business-to-business category; and the Architectural Record website received a bronze Ozzie award in the “Best Site Design, B-to-B” category…

Francis Cauffman Architects announces the opening of its NYC office … AIANYS welcomes Marthanne Gershman as the new Director of Finance… Sofia Galadza has joined IA Interior Architects as Director of Public Relations…

Interior architects and architects celebrate together at the opening of Architecture Inside/Out at the Center for Architecture, September 19.

Architecture Inside/Out

(l-r): Lance Jay Brown, FAIA; Susan Szenazy; Ernest Hutton, Assoc. AIA, AICP.

Kristen Richards

Architecture Inside/Out

Joan Blumenfeld, FAIA, IIDA, LEED AP, 2007 AIANY President, and Jim McCullar, FAIA, AIANY First Vice President/President Elect.

Kristen Richards

100 West 18 Street

Architect Garrett Gourlay at Sara Tecchia Gallery celebrating the near-completion of The Brauser Group’s 100 West 18 Street, a 10-story, 41-unit luxury condo on the corner of 6th Avenue (Zen garden included).

Kristen Richards

Parsons Design Workshop 2007

At the opening reception for Parsons Design Workshop 2007: Margaretville Pavilion (l-r): M.Arch candidates and Design Workshop team members Ian Carrington and Zachary Griffin, with LTL’s David J. Lewis, Faculty, Parsons the New School for Design.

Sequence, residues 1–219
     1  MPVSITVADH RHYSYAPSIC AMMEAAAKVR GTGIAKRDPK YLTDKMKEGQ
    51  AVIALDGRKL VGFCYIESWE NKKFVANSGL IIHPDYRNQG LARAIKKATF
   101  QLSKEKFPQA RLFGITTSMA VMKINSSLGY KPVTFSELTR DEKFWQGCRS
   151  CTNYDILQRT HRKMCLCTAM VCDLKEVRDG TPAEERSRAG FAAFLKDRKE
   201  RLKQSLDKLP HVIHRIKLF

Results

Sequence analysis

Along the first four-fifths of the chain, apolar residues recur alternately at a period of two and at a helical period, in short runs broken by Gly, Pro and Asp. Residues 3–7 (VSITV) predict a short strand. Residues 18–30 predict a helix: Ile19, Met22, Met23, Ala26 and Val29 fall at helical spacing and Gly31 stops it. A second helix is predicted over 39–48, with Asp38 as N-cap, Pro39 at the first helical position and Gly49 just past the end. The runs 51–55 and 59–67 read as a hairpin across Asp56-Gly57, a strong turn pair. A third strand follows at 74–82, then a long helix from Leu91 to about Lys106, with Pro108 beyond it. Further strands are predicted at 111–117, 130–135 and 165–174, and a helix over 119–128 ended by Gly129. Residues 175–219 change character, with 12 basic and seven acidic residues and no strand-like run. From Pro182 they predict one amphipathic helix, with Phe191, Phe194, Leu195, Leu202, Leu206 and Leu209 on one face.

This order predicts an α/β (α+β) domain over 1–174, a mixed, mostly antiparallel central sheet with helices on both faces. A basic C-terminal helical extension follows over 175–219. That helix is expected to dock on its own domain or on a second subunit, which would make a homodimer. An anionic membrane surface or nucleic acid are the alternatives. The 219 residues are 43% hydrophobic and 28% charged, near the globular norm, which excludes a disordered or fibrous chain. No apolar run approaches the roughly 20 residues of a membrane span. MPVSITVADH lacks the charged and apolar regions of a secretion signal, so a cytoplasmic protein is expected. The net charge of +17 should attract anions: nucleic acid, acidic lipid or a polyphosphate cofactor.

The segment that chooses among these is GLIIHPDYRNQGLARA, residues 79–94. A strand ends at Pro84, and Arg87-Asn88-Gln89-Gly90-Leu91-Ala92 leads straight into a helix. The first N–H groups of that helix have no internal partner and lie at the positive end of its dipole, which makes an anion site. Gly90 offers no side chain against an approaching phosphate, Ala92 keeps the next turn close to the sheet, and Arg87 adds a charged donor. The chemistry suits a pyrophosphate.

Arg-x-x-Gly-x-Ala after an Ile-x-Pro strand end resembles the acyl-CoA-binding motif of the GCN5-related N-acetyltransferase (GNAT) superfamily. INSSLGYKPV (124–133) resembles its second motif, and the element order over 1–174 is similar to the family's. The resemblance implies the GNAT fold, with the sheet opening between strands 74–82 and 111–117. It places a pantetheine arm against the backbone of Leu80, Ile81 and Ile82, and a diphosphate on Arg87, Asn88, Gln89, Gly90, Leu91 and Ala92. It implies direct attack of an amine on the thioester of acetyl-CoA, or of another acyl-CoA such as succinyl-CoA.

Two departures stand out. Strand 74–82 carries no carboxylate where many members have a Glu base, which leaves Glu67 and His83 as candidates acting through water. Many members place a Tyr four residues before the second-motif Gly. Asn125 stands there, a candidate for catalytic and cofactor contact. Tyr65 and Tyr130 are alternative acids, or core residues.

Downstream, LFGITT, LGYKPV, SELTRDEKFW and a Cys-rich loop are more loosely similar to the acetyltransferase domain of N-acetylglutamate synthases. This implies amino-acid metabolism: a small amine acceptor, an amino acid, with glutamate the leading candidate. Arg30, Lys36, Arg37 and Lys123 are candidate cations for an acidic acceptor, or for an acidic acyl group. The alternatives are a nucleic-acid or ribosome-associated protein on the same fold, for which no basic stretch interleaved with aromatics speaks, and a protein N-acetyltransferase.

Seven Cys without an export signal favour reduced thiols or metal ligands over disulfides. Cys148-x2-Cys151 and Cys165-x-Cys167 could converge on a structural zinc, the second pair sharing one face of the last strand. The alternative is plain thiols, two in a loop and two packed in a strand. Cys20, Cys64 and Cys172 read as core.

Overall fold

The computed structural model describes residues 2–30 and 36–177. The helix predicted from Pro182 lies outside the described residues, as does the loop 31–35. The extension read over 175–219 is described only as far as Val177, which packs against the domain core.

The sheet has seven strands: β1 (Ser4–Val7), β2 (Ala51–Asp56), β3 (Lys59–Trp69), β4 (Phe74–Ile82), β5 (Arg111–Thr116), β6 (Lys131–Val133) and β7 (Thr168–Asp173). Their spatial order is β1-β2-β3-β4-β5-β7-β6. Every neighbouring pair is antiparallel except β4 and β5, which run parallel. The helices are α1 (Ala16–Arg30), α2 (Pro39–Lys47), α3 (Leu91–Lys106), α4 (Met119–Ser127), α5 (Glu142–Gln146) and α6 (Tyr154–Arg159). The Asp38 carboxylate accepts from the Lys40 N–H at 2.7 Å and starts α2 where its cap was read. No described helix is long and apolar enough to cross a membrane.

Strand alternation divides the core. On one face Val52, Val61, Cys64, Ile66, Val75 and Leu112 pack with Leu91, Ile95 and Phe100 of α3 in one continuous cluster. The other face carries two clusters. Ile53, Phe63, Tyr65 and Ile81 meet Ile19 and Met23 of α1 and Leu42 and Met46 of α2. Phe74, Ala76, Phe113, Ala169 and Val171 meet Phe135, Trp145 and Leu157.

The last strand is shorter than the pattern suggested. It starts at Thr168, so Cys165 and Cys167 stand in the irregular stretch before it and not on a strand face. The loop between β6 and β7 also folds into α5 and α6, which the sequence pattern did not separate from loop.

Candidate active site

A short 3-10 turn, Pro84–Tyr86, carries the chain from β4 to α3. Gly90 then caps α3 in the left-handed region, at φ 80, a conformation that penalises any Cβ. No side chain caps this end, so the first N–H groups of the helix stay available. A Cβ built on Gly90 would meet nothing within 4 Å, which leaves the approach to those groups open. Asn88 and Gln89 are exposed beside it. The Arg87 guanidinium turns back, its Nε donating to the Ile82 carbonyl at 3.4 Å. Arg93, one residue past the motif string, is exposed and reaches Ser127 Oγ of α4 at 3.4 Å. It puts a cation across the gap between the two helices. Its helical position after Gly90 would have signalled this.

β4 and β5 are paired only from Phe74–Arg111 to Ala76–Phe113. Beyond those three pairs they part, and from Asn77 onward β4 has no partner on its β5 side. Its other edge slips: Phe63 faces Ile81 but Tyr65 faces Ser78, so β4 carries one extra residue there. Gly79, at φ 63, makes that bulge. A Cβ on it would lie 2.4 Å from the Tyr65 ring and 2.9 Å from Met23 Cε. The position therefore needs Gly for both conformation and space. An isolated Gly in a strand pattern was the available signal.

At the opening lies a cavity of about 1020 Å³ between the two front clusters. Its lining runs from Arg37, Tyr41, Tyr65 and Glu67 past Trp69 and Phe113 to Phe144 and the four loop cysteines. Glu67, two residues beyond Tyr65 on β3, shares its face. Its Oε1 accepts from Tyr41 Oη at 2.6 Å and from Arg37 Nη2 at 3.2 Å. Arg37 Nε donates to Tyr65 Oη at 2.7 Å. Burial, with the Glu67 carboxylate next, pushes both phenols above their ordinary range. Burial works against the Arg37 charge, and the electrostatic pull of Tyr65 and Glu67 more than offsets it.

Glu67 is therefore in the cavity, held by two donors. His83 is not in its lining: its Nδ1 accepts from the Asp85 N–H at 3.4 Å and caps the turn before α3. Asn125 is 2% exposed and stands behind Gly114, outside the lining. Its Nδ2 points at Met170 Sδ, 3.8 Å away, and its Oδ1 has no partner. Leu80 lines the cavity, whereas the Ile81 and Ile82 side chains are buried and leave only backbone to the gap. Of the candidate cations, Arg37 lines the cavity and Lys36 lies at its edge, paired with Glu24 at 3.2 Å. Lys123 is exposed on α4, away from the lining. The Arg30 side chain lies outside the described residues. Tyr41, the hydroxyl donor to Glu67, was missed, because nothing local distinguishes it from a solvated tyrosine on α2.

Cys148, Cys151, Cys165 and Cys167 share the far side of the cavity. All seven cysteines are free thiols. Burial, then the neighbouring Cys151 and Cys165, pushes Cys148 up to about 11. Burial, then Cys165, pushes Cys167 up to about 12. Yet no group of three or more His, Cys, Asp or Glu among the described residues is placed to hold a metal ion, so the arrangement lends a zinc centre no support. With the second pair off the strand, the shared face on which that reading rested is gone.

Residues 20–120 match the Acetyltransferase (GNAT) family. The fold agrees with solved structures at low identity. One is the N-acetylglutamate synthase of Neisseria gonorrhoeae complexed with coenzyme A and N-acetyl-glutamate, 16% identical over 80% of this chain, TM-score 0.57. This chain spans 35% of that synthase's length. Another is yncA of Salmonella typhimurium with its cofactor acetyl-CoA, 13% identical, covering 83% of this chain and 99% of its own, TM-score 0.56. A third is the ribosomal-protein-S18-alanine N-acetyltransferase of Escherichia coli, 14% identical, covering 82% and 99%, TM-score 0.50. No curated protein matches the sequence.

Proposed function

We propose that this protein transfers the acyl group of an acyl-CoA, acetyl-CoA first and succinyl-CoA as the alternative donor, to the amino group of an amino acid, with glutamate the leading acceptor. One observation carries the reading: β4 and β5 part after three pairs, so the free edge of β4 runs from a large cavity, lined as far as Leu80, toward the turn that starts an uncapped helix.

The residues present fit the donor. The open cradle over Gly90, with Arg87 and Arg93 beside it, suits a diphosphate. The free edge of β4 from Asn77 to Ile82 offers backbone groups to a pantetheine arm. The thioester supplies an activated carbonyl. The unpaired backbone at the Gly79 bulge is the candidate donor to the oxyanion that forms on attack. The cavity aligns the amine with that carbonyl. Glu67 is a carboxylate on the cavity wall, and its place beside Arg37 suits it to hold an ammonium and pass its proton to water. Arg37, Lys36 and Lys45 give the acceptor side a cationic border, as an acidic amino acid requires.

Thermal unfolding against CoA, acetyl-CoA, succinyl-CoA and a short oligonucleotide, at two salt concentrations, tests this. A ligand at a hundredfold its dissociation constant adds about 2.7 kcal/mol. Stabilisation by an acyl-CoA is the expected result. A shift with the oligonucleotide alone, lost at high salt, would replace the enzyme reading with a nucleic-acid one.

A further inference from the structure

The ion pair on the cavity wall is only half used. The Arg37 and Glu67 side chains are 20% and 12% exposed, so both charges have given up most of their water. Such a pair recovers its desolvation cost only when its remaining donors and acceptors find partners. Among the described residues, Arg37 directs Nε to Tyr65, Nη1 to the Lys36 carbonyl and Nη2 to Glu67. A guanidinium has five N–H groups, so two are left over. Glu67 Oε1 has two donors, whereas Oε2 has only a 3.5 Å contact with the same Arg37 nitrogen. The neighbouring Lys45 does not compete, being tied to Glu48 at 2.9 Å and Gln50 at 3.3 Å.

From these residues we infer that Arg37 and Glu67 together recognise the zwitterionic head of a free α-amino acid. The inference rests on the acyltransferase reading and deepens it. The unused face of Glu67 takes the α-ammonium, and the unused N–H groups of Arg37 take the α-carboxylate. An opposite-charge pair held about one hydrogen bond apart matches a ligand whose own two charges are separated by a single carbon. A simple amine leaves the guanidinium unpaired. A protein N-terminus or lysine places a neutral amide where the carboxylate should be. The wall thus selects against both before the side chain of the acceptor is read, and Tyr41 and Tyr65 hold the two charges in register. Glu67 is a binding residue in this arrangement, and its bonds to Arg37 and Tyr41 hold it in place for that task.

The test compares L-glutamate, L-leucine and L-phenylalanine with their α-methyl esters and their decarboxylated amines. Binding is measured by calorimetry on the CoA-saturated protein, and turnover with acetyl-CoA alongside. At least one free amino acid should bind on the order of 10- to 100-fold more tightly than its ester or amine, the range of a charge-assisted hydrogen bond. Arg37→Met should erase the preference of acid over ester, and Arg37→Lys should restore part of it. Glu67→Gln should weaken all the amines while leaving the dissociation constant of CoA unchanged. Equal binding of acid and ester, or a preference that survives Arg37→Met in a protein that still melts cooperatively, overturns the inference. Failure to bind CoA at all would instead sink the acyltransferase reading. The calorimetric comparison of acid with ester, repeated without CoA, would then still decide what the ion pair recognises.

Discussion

Kristen Richards

Park(ing) Day

NYC celebrated National Park(ing) Day September 21. Over 25 parking spots throughout the city were reclaimed and transformed into lawns and gardens to bring awareness of the need for better and more productive use of public space. For more information, check out the website.

Jessica Sheridan

Dieu Donné Papermaking Studio

Stephen Yablon, AIA, overlooking the merry-makers at the grand opening of Dieu Donné Papermaking Studio (see e-O 09.18.07).

Kristen Richards

11.01.07 Registration: Archive Institute Poster Competition
UNICEF and UNITE FOR CHILDREN. UNITE AGAINST AIDS calls for poster designs from artists under the age of 18 who want to help bring increased attention to the widespread AIDS epidemic. The theme for the competition focuses on the relationships between HIV/AIDS, “the home,” housing, and/or communities.